Podcast #128: We chat with Kent C Dodds about why he loves React and discuss what life was like in the dark days before Git. Listen now.
22

Your question has 2 parts actually. 1/ How can I declare the constant size of an array outside the array? You can either use a macro #define ARRAY_SIZE 10 ... int myArray[ARRAY_SIZE]; or use a constant const int ARRAY_SIZE = 10; ... int myArray[ARRAY_SIZE]; if you initialized the array and you need to know its size then you can do: int myArray[] = {1, ...


20

No, the code doesn't "wear out" the MCU. In general no matter what you are doing roughly the same level of activity is being performed. Even delay() does lots of work while it's "idling". There are commands to make the CPU do less - place it in an IDLE or SLEEP mode - but these are used to save power rather than to reduce "wear" on the MCU. Of course there ...


10

Your assumption is quite wrong: The majority of libraries use OOP. The majority of in-built device drivers use OOP. The core is filled with many OOP helper objects and classes. 99.99% of all sketches use those OOP objects. The sketches themselves may not be written as a class or set of classes for a number of reasons: There is no point The programmer ...


9

The screenshot shows a base-2 (i.e. binary) result of calculating the constant part of a mapping. You can approximate this multiplication by a constant by a number of shifts added together. You need to break down each multiplication in the result first: x * 0.0012 = x >> 3 x * 0.00012 = x >> 4 x * 0.00000012 = x >> 7 Then add these together. You are ...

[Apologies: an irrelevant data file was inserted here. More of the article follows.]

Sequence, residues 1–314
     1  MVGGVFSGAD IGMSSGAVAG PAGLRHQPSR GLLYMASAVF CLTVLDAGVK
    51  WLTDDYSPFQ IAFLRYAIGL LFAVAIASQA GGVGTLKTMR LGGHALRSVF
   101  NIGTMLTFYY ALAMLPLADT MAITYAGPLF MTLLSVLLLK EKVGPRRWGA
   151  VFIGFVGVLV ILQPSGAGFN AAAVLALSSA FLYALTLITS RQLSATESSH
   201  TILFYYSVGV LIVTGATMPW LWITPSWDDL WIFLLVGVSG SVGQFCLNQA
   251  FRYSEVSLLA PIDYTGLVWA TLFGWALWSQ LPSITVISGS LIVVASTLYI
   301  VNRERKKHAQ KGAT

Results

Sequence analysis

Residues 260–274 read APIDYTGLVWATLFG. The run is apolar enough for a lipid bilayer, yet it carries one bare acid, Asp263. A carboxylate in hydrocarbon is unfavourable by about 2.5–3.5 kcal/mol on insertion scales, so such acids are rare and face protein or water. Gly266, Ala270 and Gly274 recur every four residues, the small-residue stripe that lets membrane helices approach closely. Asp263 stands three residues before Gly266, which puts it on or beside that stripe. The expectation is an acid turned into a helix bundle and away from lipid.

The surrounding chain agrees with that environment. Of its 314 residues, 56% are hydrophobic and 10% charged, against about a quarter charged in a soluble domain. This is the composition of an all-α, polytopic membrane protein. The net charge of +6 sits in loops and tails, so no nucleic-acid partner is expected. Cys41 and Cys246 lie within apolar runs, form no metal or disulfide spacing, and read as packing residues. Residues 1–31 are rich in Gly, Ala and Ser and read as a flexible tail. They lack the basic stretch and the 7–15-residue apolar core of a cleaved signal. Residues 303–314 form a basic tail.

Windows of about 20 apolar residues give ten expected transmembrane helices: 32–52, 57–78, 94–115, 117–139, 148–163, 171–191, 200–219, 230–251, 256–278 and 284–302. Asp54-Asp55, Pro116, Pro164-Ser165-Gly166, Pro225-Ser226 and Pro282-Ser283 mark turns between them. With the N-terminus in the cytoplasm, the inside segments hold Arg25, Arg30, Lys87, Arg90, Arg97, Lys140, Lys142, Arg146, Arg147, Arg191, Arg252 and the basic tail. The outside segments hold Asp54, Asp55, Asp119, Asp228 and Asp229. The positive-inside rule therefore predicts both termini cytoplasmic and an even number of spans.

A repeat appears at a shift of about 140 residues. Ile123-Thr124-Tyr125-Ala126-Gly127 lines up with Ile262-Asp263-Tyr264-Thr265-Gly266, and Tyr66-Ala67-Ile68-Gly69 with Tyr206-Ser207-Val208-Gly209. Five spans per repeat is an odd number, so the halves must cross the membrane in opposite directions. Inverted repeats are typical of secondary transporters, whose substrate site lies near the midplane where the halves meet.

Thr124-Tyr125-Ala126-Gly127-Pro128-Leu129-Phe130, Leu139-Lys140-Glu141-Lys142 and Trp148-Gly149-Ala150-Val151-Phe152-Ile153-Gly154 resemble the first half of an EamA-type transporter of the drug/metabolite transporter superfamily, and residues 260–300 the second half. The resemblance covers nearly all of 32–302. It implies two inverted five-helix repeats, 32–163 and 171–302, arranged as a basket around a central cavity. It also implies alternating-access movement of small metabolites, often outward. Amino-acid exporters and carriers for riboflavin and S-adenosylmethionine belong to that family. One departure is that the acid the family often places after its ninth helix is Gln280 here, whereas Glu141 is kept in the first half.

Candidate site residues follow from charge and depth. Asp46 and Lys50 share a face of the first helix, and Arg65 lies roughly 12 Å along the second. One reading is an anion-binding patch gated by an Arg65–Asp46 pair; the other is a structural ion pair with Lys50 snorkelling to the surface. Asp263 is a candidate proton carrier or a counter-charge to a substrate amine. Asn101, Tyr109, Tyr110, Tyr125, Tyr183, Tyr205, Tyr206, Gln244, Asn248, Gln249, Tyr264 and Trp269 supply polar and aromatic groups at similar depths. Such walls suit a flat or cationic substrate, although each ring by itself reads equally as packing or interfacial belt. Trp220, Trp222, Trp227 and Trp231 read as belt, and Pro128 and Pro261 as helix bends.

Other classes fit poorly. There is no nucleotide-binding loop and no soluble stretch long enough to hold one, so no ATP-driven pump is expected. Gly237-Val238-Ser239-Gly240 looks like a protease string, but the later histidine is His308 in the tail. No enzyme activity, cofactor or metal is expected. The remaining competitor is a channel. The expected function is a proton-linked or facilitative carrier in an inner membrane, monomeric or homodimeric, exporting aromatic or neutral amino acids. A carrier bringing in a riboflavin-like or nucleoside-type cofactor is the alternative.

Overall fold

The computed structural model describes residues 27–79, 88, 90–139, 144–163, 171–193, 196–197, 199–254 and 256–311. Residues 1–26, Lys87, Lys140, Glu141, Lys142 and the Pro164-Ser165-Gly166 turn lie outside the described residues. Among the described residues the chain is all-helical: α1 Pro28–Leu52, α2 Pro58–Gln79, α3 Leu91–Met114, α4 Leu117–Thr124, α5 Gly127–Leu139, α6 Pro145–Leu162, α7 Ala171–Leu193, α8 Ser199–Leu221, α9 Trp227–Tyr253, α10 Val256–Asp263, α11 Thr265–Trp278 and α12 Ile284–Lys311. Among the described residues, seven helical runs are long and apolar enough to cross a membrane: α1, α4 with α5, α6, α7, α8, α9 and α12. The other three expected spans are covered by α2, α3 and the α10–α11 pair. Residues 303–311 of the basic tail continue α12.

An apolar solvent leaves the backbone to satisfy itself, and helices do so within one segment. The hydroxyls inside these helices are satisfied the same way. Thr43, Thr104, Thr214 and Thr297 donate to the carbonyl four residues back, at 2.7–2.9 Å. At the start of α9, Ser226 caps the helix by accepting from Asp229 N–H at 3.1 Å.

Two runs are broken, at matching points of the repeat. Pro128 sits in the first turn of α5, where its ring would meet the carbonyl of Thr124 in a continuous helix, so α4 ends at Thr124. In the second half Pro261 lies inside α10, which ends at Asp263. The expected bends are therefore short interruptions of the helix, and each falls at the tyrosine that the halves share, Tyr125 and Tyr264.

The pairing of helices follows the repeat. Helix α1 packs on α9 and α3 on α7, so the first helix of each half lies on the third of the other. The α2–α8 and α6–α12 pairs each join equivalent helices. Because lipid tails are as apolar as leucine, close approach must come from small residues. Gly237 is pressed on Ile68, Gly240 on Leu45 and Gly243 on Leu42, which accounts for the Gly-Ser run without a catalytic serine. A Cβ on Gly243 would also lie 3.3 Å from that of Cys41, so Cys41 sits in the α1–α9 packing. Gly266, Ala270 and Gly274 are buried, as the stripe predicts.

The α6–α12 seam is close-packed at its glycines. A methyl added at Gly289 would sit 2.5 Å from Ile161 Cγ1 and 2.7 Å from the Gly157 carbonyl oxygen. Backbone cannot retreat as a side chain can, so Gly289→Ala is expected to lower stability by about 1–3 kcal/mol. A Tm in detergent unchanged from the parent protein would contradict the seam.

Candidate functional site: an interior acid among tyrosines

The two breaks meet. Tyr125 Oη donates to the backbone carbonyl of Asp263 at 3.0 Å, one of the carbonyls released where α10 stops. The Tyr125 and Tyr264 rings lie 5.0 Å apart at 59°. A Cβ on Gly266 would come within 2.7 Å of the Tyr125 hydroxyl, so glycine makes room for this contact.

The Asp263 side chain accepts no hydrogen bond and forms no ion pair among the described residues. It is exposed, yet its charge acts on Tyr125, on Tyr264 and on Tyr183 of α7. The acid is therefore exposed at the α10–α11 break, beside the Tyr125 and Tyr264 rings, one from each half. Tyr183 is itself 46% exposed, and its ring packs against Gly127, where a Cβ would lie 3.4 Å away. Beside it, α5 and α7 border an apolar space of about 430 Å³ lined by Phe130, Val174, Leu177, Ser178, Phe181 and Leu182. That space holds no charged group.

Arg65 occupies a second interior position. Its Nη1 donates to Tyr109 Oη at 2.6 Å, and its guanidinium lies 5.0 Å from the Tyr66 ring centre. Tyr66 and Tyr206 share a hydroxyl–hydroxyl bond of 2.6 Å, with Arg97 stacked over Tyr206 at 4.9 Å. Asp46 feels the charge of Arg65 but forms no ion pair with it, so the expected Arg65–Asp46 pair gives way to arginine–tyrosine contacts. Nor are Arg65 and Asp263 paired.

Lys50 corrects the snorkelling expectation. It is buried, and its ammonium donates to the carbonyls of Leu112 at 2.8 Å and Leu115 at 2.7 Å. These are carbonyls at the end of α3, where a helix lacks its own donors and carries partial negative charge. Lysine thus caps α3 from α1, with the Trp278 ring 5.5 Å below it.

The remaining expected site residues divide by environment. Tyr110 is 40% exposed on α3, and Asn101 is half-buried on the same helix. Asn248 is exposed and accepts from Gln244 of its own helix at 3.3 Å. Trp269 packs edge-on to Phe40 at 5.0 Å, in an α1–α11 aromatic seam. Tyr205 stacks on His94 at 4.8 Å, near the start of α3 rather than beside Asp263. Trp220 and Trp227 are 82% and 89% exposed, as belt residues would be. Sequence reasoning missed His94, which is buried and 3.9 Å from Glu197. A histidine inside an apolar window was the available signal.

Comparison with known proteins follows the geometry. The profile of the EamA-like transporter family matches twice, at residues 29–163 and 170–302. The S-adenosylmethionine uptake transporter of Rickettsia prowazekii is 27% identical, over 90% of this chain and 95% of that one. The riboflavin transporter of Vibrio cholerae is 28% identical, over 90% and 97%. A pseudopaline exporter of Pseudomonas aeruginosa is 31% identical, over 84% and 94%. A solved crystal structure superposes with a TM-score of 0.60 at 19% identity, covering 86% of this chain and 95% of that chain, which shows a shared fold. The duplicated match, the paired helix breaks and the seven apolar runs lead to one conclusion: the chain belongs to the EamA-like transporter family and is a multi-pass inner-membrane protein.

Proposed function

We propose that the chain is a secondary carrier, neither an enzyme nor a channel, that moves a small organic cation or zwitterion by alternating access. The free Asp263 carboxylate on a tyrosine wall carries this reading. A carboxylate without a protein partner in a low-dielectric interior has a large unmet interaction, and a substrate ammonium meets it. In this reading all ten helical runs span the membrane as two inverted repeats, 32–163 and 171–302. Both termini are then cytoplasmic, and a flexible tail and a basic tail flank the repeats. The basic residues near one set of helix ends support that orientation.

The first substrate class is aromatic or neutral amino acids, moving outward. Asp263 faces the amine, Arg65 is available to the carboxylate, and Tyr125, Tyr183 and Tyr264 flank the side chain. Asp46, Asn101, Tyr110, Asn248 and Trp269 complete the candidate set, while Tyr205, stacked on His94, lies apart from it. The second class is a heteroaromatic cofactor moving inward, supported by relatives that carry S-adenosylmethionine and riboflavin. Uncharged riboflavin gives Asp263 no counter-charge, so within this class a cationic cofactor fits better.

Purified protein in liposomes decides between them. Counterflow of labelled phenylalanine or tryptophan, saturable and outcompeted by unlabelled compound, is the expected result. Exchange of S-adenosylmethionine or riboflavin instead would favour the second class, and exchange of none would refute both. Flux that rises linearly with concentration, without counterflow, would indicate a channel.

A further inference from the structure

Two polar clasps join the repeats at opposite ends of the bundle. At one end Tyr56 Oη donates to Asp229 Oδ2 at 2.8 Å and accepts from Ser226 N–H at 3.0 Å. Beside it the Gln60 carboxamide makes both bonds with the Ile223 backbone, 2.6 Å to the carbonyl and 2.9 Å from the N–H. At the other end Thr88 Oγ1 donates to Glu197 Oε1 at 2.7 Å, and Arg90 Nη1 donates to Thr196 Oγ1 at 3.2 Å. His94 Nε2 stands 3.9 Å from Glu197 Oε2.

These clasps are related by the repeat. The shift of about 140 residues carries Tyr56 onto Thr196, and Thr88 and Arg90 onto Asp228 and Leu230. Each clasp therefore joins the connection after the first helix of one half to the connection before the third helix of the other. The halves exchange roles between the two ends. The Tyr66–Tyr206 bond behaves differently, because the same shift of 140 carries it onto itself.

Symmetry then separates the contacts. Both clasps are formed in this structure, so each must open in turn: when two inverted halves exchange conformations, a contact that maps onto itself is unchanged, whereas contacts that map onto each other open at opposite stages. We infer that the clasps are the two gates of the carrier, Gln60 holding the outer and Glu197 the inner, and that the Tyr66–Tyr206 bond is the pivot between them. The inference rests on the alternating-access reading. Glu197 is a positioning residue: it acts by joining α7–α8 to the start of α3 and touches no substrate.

8

Can we read and get C codes from compiled codes from Arduino hardwares? While it is possible, even trivial, to disassemble machine code, it is very difficult to convert the assembly code into a higher-level language, and essentially impossible to turn it back into an exact copy of the source code it came from. There simply isn't enough information in the ...


7

The other answer mentioned some general ideas; here are a couple of more-specific notes. • You can direct your writes of single bytes through a routine that reads the EEPROM cell before writing to it, and if its value isn't changing, doesn't write. • For load-leveling, you can divide the EEPROM address space into k buckets, where k =⌊E/(n+1)⌋, with n = ...


6

Enable your IDE's verbose of the compile via the preferences. From there you can see exactly what and how it is being compiled. In short the IDE (and toolchain) will compile everything and anything it can find into an object. Where only the used code is compiled in the linking phase, as garbage collection is enabled with the "--gc-sections" command. Note ...


6

Yes you can, and the solution is very simple. It's in two parts, and they make up part of the absolute fundamental building blocks not just in C, but in almost any programming language. You can read good information on arrays here, and 'for loops' here (it's about half way down the page). Without wishing to offend, it seems like you are missing some really ...


6

One approach is to look at the assembly listing of the program. After compiling the program (via the Verify or Download button) locate the directory where the .cpp, .hex, and .elf files for the program have been stored. (If you have trouble finding them, briefly turn on verbose compile options in the arduino IDE and look at the directory names in the ...


6